With corn pollination underway, and in some cases near completion, many agronomists and farmers are now beginning to think about what corn yields will be in 2014. And because of that, some are even making corn yield predictions. "We know that approximately the next 60 days of grain fill can be greatly impacted by weather conditions," says Mark Licht, Iowa State University Extension cropping systems agronomist at Ames.
To help give some insights into yield levels this fall and how extensively weather can impact those yields, Iowa is collaborating with a team from the University of Nebraska and Robert B. Daugherty Water for Food Institute to use the Hybrid-Maize model to forecast potential corn yields across the Corn Belt. In the following article, Licht explains how this model works and what it can tell us.
Gives projections of yield estimates for rest of growing season
The Hybrid-Maize model estimates yield based on current and historical weather parameters with the assumption that plant stands are uniform; flooding and hail did not occur; and that typical management of nutrients, insects, diseases and weeds are not limiting. Yield estimates resulting from Hybrid-Maize become less variable as the season progresses because of less reliance on historical weather data. This helps in understanding how current season weather conditions affected corn growth up to the date of the simulation but also gives some projections of yield estimates for the remainder of the growing season.
The long-term and forecasted yield potential for six Iowa locations is presented in Table 2. The long-term yield potential is based on 25-plus years of weather data. The forecasted yield potential is based on the current weather prior to July 20, 2014, and historical weather data to predict the rest of the season, which gives a range of possible end-of-season yields depending on whether the climate for the rest of the season is favorable (25% scenario), near-normal (median scenario) and unfavorable (75% scenario).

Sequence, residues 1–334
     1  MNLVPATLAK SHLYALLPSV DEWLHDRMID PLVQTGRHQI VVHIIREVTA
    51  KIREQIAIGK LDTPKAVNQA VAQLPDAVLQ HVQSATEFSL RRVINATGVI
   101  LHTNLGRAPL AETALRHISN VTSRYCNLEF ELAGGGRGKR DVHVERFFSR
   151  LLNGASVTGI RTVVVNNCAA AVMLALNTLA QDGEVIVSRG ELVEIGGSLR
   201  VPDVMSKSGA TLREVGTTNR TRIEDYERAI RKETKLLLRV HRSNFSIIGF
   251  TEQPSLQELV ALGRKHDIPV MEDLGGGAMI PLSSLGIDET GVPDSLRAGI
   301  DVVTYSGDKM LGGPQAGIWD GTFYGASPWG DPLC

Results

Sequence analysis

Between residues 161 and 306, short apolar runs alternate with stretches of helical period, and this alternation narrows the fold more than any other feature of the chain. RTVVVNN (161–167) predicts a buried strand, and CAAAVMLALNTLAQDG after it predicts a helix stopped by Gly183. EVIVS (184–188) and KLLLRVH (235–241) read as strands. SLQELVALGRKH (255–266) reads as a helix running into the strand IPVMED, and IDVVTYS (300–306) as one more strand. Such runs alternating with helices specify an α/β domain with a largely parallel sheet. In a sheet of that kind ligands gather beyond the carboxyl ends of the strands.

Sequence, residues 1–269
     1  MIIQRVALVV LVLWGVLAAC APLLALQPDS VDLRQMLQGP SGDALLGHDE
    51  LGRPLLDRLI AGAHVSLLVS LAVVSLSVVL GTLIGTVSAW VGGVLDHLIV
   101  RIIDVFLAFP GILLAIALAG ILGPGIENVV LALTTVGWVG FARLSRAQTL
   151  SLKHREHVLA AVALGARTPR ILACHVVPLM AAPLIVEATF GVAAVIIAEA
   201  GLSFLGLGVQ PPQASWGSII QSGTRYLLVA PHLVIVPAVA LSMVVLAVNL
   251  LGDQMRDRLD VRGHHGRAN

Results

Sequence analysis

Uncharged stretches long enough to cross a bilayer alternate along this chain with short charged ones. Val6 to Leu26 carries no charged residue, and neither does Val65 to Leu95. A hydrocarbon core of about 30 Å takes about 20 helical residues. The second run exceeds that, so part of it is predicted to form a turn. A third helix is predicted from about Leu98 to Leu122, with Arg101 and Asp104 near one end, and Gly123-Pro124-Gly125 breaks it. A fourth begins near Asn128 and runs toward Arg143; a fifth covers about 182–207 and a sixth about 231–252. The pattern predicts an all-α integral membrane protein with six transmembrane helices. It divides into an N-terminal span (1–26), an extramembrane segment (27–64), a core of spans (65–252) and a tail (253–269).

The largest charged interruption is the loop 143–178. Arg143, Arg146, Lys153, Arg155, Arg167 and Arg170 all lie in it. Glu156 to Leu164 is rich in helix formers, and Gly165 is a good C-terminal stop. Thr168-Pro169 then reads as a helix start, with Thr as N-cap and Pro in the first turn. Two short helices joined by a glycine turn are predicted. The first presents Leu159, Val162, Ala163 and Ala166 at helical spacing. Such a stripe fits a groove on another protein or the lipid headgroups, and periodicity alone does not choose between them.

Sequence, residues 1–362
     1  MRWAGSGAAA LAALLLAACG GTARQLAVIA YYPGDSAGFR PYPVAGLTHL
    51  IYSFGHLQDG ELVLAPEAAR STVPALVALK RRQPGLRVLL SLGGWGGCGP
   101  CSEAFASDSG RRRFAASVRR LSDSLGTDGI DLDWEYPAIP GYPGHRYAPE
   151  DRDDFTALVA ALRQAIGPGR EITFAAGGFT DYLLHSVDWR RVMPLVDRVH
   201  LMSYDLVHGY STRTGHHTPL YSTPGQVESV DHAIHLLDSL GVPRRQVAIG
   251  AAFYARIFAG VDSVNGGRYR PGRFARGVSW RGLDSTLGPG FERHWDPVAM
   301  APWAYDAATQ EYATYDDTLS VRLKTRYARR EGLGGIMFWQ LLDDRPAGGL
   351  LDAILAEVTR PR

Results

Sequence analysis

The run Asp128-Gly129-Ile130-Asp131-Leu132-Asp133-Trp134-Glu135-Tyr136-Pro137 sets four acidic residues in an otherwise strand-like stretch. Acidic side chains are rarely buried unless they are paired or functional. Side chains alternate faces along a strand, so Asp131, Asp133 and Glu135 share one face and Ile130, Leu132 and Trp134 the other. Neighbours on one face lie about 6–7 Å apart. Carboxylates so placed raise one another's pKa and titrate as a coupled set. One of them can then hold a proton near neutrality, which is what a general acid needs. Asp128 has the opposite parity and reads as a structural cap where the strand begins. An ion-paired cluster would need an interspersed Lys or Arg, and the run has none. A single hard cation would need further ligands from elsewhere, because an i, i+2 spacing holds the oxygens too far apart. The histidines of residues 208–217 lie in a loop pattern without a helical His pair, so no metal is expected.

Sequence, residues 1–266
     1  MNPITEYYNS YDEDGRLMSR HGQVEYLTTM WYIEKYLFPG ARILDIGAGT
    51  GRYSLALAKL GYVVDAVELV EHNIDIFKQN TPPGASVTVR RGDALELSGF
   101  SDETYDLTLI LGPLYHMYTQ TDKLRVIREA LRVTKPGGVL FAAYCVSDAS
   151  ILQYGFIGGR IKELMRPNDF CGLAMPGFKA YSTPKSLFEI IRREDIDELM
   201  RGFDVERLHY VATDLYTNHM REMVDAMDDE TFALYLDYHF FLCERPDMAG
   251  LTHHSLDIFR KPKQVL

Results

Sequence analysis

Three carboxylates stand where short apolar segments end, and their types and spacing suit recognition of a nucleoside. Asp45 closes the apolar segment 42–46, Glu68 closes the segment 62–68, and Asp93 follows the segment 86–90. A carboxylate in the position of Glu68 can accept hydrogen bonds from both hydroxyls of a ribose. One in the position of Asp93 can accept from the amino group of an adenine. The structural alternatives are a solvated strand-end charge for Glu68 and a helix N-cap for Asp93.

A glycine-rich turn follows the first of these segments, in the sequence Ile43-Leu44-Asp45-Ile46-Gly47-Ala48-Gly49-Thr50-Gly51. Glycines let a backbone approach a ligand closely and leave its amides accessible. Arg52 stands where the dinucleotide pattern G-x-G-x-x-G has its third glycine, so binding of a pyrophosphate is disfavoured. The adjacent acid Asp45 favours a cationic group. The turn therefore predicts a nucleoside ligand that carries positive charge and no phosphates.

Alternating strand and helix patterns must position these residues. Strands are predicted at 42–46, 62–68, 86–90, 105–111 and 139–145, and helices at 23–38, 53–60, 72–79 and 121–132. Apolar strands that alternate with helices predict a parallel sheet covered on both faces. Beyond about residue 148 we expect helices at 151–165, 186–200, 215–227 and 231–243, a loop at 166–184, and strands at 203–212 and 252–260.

The table shows yield forecast for six Iowa locations
For Iowa, the median forecasted yields of the six locations ranged 0% to 26% of the long-term average yield potential (Table 2). The biggest deviation from the long-term average was the Lewis location in southwest Iowa where above normal precipitation combined with cooler temperatures has benefited the crop more than other locations. In fact, the yield projections indicate a 75% probability that yields near Lewis will be 16% or more above the normal yield. Likewise, there is 75% probability at Crawfordsville in southeast Iowa that yields will be at least 3% above normal.
Interpreting this forecasted yield potential requires the understanding that the long-term yield potential may not always match up with actual production history because of limiting factors such as fertility, weeds, insects, and diseases or because of weather events such as early frost damage, hail injury, or flooding that are not accounted for by the model. An appropriate way to interpret that data is to apply the percent deviation from long-term yield potential to your own actual production history or past county yield estimates. For instance, the 2013 state corn yield was 165 bushels per acre and based on the six-location average percent deviations there is a 50% probability the Iowa state corn yield will be between 165 and 195 bushels per acre with a median estimation of 178 bushels per acre.
The full version of the July 20 simulation for all Corn Belt locations forecasted can be found at 2014 Forecasted Corn Yields Based on July 20 Hybrid Maize Model Simulations.
Best method is to make estimates in your own fields
Of course, the best determination of yield potential for your farm will be by determining (or estimating) the yield components for your fields. The most common yield calculations include; ears per acre, kernels per ear (rows per ear times kernels per row), and kernels per bushel (often as 90,000 kernels per bushels). Better estimates are achieved when conducting estimates based on 10 ears per stop and 10 stops per field with adjustments made to kernels per bushel for kernel weight and/or size.
Acknowledgements: The data presented here is part of larger yield forecasting project coordinated by Patricio Grassini, Haishun Yang, Roger Elmore and Kenneth Cassman from the Department of Agronomy and Horticulture, University of Nebraska-Lincoln and the Robert B. Dougherty Water for Food Institute.
Table 1. Locations, soil type, maturity, and planting dates used for Iowa yield forecasting with Hybrid-Maize. Plant density was set at 34,000 plants per acre for all locations.